Melissa Lavasani never expected to grow psychedelic mushrooms in her Washington, D.C., home or become a force behind a successful measure that makes cultivation and possession of plant and fungi medicines the lowest priority for local police and prosecutors.
But the mother of two grew desperate in 2018 as her mental health suffered from a years-long battle with postpartum depression and chronic pain. She had tried everything: antidepressants, talk therapy, meditation and even cupping. None of it seemed to work.
After listening to a podcast about the use of psilocybin, a naturally occurring chemical compound found in certain types of mushrooms, Lavasani became part of a movement she never intended to join.
“People are now coming out of the psychedelic closet, but it’s a risk you take,” she said. “There’s a stigma to it.”
Bolstered by a growing body of research and a greater acceptance of cannabis for recreation and medicine, psychedelics are experiencing a renaissance as voters and lawmakers rethink the so-called war on drugs.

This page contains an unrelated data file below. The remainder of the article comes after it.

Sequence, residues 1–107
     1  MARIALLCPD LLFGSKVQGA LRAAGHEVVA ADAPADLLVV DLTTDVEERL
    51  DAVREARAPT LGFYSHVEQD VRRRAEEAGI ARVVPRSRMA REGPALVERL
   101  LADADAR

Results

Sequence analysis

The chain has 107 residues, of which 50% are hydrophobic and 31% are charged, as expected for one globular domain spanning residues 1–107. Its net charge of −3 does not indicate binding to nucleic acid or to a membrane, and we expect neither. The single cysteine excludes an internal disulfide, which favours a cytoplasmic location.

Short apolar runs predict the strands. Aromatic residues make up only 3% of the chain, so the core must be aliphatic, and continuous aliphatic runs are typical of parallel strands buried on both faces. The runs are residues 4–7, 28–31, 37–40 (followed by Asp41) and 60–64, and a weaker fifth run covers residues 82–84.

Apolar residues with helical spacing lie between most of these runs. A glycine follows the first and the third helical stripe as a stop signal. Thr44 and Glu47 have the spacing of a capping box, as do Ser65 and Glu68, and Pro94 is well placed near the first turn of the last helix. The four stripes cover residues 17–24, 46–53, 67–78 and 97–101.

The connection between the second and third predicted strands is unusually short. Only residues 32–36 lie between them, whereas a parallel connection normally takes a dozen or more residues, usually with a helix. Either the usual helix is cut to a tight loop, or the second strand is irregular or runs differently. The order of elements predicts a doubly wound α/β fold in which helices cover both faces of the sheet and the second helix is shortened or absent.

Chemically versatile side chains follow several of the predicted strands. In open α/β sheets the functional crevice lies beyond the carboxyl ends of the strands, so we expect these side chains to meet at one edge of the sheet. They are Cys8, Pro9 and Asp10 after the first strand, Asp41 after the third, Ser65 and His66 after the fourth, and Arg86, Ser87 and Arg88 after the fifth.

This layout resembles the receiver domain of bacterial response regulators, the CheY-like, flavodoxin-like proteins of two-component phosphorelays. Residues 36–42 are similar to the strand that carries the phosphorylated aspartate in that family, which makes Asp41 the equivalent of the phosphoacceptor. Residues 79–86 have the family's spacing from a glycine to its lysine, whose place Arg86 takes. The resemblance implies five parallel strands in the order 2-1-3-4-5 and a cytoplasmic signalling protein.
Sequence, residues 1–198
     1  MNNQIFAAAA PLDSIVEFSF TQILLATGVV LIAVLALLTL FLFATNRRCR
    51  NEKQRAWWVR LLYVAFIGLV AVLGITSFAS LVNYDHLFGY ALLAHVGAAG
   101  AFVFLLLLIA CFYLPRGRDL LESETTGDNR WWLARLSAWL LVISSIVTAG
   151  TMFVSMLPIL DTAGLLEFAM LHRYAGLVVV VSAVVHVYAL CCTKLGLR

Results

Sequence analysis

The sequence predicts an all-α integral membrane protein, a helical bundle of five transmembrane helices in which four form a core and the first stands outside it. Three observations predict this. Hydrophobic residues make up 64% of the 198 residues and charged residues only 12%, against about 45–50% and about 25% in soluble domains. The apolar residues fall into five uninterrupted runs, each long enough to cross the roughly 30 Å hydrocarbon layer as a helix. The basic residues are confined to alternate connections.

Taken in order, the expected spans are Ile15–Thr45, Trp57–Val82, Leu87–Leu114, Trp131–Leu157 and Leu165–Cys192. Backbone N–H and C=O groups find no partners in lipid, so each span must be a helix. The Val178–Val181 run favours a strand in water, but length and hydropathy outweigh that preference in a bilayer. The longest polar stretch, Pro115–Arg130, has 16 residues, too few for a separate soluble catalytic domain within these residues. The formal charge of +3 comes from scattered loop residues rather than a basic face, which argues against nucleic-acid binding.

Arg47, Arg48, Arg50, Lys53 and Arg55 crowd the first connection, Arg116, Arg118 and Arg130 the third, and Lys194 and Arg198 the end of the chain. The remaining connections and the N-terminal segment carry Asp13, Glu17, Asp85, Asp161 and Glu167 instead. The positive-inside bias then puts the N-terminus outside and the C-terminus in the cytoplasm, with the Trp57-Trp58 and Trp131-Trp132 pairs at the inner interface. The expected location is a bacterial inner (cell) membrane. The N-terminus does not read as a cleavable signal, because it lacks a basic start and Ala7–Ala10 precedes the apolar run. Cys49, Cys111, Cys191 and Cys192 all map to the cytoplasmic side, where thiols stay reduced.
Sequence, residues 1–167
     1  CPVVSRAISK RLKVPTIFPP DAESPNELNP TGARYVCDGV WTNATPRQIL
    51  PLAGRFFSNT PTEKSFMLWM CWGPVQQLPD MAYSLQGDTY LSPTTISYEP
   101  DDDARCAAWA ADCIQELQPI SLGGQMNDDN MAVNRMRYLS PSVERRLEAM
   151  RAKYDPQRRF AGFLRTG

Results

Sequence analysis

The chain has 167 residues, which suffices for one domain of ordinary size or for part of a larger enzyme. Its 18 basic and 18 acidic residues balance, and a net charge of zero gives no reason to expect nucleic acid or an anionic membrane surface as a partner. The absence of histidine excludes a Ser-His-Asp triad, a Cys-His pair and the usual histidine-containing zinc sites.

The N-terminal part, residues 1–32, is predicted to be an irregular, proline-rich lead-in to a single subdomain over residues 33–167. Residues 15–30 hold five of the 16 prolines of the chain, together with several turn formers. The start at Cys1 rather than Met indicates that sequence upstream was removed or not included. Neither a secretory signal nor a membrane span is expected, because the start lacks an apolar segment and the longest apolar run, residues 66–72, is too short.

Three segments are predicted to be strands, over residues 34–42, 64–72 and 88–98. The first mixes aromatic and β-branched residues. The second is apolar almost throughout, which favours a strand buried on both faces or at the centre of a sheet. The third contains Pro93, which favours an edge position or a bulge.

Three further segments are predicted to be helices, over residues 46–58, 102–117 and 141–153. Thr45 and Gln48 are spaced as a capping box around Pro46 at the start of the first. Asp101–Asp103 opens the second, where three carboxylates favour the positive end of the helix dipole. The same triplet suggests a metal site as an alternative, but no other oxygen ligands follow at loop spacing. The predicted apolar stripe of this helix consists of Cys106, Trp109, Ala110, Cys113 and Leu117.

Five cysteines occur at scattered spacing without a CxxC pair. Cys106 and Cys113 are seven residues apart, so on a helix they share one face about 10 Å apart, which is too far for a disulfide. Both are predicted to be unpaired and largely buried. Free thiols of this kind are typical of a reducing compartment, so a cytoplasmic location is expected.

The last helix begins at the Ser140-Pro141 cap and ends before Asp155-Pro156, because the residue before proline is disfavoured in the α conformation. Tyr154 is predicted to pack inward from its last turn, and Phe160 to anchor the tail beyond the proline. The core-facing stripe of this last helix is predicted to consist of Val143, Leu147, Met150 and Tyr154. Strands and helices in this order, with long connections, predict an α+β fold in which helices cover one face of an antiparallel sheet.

When voters in Washington, D.C., passed Measure 81 on Nov. 3, their counterparts in Oregon approved a ballot initiative to legalize the use of psychedelic mushrooms in therapeutic settings. The Canadian Minister of Health recently granted permission to four terminally ill patients to use psilocybin to treat end-of-life anxiety.
In California, state Sen. Scott Weiner, D-San Francisco, said last week that he will introduce a bill next year to decriminalize psychedelics. In New Jersey, lawmakers amended a cannabis bill on Thursday to include language that will downgrade penalties for possessing up to an ounce of mushrooms.
The cities of Oakland, California, and Denver each adopted resolutions in 2019 decriminalizing mushrooms.
Wiener said he was encouraged by developments around the country and is talking with experts about what form his proposal should take, The Associated Press reported. He said he was leaning toward Oregon’s supervised-use approach while allowing for the use of synthetic psychedelics such as LSD.
Wiener, who said he does not take psychedelics himself, noted that cultures all over the world have been using them since the beginning of time.
“Any substance can be harmful, so I’m not suggesting that anything is like nirvana,” he said. “But we know that psychedelics can be used safely. We know they appear to have significant medicinal uses.”
For Lavasani, mushrooms proved to be a revelation.
After delivering a healthy baby in 2017, Lavasani, a budget officer in the district’s Department of Energy and Environment, started to hear voices and experience panic attacks. She gradually spent less time with her husband and children. She eventually feared she would take her own life.